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Migration Advisory Committee says graduate route should stay

Image: ALFSnaiper, via Getty Images

Government-commissioned review finds scheme does not undermine higher education’s quality and integrity

The UK’s graduate route visa, which lets overseas students remain for two to three years after graduation, should not be abolished, according to a major review out today.

Risk of abuse of the route was “relatively low”, and it was not “undermining the integrity of, and quality of, the UK higher education system”, the Migration Advisory Committee (MAC) has found.

Brian Bell, chair of the committee, which advises the government on migration issues, said: “Our review recommends that the graduate route should remain as it is, and is not undermining the quality and integrity of the UK’s higher education system.”

The report said that under the current funding models for higher education across the UK, the graduate route is helping universities to expand the range of courses offered while making up for financial losses on domestic students and research, and is supporting the government’s International Education Strategy.

The MAC report noted that a failure to properly fund the higher education sector was “leading to an increasing overreliance on immigration”.

“Universities lose money on teaching domestic students and on research activities, and it is the fee revenue from international students that mitigates (at least in part) the current funding gap for domestic students and research,” it said.

The report suggested that without the income from international students, there would likely be “job losses, course closures and a reduction in research”. It added that “in the extreme it is not inconceivable that some institutions would fail”.

The report also found “no evidence of widespread abuse” of the route and said that the risk of abuse is low because of the limited number of conditions the route imposes.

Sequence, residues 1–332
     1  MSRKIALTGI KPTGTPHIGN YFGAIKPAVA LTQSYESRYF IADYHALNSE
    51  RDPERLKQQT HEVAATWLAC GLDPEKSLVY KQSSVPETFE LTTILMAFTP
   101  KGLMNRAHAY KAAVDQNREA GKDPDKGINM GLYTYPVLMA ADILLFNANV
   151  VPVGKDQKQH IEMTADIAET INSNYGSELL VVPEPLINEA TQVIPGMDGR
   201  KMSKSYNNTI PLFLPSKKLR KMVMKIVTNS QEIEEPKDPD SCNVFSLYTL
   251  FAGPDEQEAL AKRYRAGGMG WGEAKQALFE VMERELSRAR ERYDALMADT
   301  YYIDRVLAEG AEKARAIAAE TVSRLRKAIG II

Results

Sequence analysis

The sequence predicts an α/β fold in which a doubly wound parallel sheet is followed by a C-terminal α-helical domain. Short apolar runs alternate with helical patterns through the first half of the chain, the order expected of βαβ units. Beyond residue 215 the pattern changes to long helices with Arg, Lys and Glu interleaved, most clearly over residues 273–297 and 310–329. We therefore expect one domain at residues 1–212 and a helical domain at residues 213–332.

Visa value

Bell said that the review had concluded that the graduate route “should remain as it is, and is not undermining the quality and integrity of the UK’s higher education system”.

“The graduate route is a key part of the offer that we make to international students to come and study in the UK,” he said. “The fees that these students pay helps universities to cover the losses they make in teaching British students and doing research. Without those students, many universities would need to shrink and less research would be done. This highlights the complex interaction between immigration policy and higher education policy.”

The review made a series of recommendations, including that the government should only open new migration routes or make significant policy changes when it has a clear plan for how it will collect and monitor data to assess the effectiveness of such actions.

A government spokesperson said ministers were “considering the review’s findings very closely and we will respond fully in due course”. 

Home secretary James Cleverly commissioned the MAC to carry out the rapid review in March this year.

The committee looked at evidence of abuse, demographics, as well as trends of students accessing a study visa and subsequently entering the UK labour market.